Historical precedent in matters of child custody rarely, if ever, considered the wishes of the child. Today, when specific criteria’s are met, family court judges go to great lengths to give the child’s perspective due weight in custody proceedings. California Family Code section 3042 delineates the rights of children to voice a preference to their guardianship, stating:
If a child is of sufficient age and capacity to reason so as to form an intelligent preference as to custody or visitation, the court shall consider, and give due weight to, the wishes of the child in making an order granting or modifying custody or visitation.
If the child is 14 years of age or older and wishes to address the court regarding custody or visitation, the child shall be permitted to do so, unless the court determines that doing so is not in the child’s best interests.
As with many aspects of the divorce process, there is an inherent degree of subjectivity that must be managed by judges and family lawyers when terms like “the child’s best interest” are written into the DNA of the law. Modern, progressive family law seeks to be gender-blind, avoiding bias toward either the mother or the father when determining what shape custody will take. In California, unless clear and provable circumstances like history of abuse, mental instability, patterns of addiction, insurmountable geographic obstacles and/or financial incapacity disqualify one parent as a guardian of the child’s best interest, family law strives for a 50/50 custody in order to provide some measure of stability for the child in the wake of divorce.
Divorcing parents are advised to try to develop an equitable custody plan on their own. If custody must be arbitrated, the factors that a judge considers when determining what constitutes a child’s best interest include the age of the child, his or her relationship to each parent, each parent’s caretaking capacity in the wake of separation, the role each parent played in caretaking prior to separation, the home environment they can now provide, the needs/preferences of siblings, as well as any other factor that might have a negative effect on the child’s physical, mental, and/or emotional development.
In striving to make a fair and reasonable custody ruling, judges will often meet with a child directly, and if the child is 14 or older, attempt to incorporate due consideration of the child’s preference. California Family Code and the Rules of Court provide guidelines for how a child may be heard in these circumstances. Depending on the needs of the case, a judge can either hear a child in open court proceedings or in private chambers. In the latter instance, a court reporter will be present to take down the child’s testimony and a family lawyer may attend to help the child state his or her preference. Judges are particularly keen to detect undue parental influence, an all-too-common occurrence, in which one parent exerts pressure on their child to choose in their favor. The emotional stakes in custody proceedings can be astronomical, but it is the judge’s mandate to separate external pressures from the child’s participation in determining his or her best interest. Because of the prevalence of parental influence, parents are almost never allowed to be present during a judge’s private hearing with a child.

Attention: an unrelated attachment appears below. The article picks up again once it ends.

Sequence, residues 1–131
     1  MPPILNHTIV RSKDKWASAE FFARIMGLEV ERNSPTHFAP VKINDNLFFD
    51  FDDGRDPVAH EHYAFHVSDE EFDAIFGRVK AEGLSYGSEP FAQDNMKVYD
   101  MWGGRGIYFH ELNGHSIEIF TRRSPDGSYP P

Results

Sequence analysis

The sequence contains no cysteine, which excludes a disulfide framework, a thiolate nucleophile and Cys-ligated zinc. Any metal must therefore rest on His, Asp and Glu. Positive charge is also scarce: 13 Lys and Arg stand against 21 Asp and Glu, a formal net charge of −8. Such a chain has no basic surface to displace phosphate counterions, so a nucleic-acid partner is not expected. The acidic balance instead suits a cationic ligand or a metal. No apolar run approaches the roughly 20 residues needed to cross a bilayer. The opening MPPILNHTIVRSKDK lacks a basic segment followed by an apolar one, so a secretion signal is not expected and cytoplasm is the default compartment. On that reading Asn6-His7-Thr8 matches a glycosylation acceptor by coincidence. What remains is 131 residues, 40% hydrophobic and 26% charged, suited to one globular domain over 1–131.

Family Code 3042 and California Rules of Court 5.250 give the court further options to determine a child’s preference. The court might appoint a child custody evaluator or investigator to conduct a separate investigation into the specific factors at play in a family. It may advise or even require the family to meet with a specifically trained Court Mediator, who can guide parents and children through the process of developing an equitable and supportive custody plan. It may appoint a lawyer to represent the child separate from his or her parents’ council.
Once a thorough examination of the child’s views has been conducted, a judge will take that view into consideration, but consideration does not imply automatic consent. It is always the paramount duty of the court to determine custody in the child’s best interest and the child’s views on the matter must be weighed against the case’s other major factors in order to make a beneficial ruling.
Desai Family Law is a family law specialist handling all facets of divorce and child custody matters. For a free consult contact our office at (562) 999-3774. Find out more about California Child Custody Decisions with our team of attorneys.